In a case involving Browning-Ferris Industries, a National Labor Relations Board (NLRB) decision overturned longstanding precedent regarding joint employer status—when two employers in a contractual relationship assume joint liability and bargaining responsibilities over certain employees.
Simply, the NLRB’s new joint employer standard makes it much more likely that a joint employer relationship, and the liability that goes along with it, is found. This unnecessarily exposes thousands of businesses to increased liabilities, creates roadblocks for entrepreneurs and will reduce certain job opportunities.
But, unfortunately, the NLRB is not done interfering with common business arrangements. Today, the Board overturned another precedent established in Oakwood that is related to the joint employer standard.
In a press release, the NLRB announced:
The decision [Miller & Anderson] holds that petitioners seeking to represent employees in bargaining units that combine both solely and jointly employed employees of a single user employer are no longer required to obtain employer consent.
The majority held that petitioned-for units combining solely and jointly employed workers of a single user employer must share a community of interest in order for a single unit combining the two to be appropriate.
The NLRB argued that the Oakwood standard infringes on one of the primary tenets of the National Labor Relations Act—workers’ right to self-organization—and that requiring employer consent should not be necessary.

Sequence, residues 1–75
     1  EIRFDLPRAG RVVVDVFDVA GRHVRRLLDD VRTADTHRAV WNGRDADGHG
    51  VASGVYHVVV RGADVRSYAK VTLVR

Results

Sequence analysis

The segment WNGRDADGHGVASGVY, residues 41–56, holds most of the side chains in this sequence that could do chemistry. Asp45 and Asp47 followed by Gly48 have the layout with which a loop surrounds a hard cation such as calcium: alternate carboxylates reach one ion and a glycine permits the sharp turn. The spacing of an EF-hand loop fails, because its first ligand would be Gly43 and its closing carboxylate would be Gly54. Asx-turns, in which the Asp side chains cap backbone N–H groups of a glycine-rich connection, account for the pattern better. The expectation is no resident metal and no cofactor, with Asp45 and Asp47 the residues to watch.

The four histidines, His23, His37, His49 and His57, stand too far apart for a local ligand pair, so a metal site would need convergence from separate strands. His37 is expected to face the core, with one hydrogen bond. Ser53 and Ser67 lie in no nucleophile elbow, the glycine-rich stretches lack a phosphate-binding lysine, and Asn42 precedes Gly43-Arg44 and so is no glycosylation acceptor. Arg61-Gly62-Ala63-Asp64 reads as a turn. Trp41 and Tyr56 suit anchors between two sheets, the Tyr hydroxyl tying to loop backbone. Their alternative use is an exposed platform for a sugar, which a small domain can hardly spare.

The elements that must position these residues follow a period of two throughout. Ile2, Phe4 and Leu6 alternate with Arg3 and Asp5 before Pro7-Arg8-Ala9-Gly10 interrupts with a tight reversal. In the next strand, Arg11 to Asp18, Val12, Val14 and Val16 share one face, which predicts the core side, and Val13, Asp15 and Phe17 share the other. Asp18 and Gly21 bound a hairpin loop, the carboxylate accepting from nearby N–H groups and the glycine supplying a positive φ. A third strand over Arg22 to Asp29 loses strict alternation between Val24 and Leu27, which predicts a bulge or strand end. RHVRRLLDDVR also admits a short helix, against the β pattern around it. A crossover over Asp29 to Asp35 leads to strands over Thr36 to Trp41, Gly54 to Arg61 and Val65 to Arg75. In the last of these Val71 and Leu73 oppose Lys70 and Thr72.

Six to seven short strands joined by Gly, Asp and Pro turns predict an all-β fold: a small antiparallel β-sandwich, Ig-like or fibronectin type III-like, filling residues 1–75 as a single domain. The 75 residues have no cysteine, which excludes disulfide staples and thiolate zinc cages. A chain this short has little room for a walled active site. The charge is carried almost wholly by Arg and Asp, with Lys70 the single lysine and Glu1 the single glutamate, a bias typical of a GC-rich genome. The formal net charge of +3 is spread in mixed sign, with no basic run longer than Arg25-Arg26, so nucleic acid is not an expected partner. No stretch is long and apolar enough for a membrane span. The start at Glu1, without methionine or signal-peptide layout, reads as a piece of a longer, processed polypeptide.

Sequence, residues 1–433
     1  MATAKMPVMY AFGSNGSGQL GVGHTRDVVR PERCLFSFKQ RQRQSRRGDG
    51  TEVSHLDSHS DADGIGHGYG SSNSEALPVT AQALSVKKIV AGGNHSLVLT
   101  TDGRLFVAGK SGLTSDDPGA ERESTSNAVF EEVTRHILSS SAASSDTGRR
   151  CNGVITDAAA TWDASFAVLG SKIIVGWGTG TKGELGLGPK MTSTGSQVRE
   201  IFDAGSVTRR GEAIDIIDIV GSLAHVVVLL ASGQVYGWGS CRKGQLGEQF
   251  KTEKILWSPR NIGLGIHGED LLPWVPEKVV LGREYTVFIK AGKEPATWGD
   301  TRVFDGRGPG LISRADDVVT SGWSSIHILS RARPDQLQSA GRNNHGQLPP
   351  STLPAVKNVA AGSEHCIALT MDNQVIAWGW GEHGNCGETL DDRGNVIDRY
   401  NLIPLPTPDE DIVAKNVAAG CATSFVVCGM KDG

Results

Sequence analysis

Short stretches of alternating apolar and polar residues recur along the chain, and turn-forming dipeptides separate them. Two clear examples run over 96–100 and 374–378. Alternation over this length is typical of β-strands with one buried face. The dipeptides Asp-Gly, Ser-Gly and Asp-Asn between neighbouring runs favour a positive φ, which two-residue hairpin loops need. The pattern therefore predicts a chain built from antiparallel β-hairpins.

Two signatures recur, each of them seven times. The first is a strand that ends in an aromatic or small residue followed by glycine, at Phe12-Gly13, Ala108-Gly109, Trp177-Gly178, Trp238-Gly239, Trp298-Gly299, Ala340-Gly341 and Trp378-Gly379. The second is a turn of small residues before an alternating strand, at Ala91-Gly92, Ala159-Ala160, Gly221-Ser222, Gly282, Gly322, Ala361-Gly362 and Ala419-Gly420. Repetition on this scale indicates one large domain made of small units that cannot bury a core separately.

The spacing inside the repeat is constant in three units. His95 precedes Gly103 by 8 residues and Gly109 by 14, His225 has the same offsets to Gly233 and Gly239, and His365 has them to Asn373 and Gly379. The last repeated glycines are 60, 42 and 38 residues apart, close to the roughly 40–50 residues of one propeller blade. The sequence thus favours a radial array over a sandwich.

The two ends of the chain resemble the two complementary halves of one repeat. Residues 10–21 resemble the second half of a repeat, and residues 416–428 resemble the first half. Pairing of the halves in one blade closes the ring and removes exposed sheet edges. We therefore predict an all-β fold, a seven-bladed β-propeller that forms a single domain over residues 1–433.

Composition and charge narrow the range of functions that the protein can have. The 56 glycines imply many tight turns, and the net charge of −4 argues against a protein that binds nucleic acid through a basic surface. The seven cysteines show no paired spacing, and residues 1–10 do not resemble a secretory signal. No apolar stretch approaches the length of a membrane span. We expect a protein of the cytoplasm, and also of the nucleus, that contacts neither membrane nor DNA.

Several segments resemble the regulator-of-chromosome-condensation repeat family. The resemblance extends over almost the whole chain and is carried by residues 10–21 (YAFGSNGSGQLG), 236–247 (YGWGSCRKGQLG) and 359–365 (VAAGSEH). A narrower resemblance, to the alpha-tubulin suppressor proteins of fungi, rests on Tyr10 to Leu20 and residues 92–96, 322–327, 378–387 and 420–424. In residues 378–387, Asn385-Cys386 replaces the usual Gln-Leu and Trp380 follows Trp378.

But as I explained in a previous post, doing away with employer consent may strip employees of the very rights that the NLRB purports to protect:
A situation could arise where only jointly employed employees desire unionization and solely employed employees resist union representation, or vice versa. And if the group of employees in support of unionization outnumbers the other by a large enough margin, then all employees will have union representation foisted upon them whether the workers like it or not. Under that scenario, it does not seem that workers are really afforded their right to organize, in addition to their equal, though less talked about, right to refrain from doing so.
In the above scenario, some workers are stripped of their right to self-organize, forced to pay union dues and bargaining responsibilities are foisted on an unsuspecting employer. A group of employees at one employer should not lose their rights to decline union representation because of the desires of employees who work for a separate employer. The only beneficiaries of overturning Oakwood are labor unions that gain more members—and more compulsory dues.
With the new and expansive joint employer standard created in Browning-Ferris, it is far more likely for two distinct employers to be considered joint employers—even if no such relationship exists. Therefore, more and more situations will arise where a union will leverage the policy change created in Miller & Anderson to organize two workplaces as one when that would not have been possible before the Board greatly expanded its joint employer standard.
This change in precedent is just another example of unelected bureaucrats at the NLRB doing their best to benefit unions at the expense of work choice.
However, in a bit of good news on the labor and employment policy front, Congress is aware of the harm to the economy and workers over at the NLRB. A policy rider has been included in the Labor, Health and Human Services appropriations bill to defund the enforcement of the NLRB’s joint employer standard.
Before the appropriations bill goes to the floor of the House, another rider should be added to do away with the policy created in the NLRB’s decision in Miller & Anderson.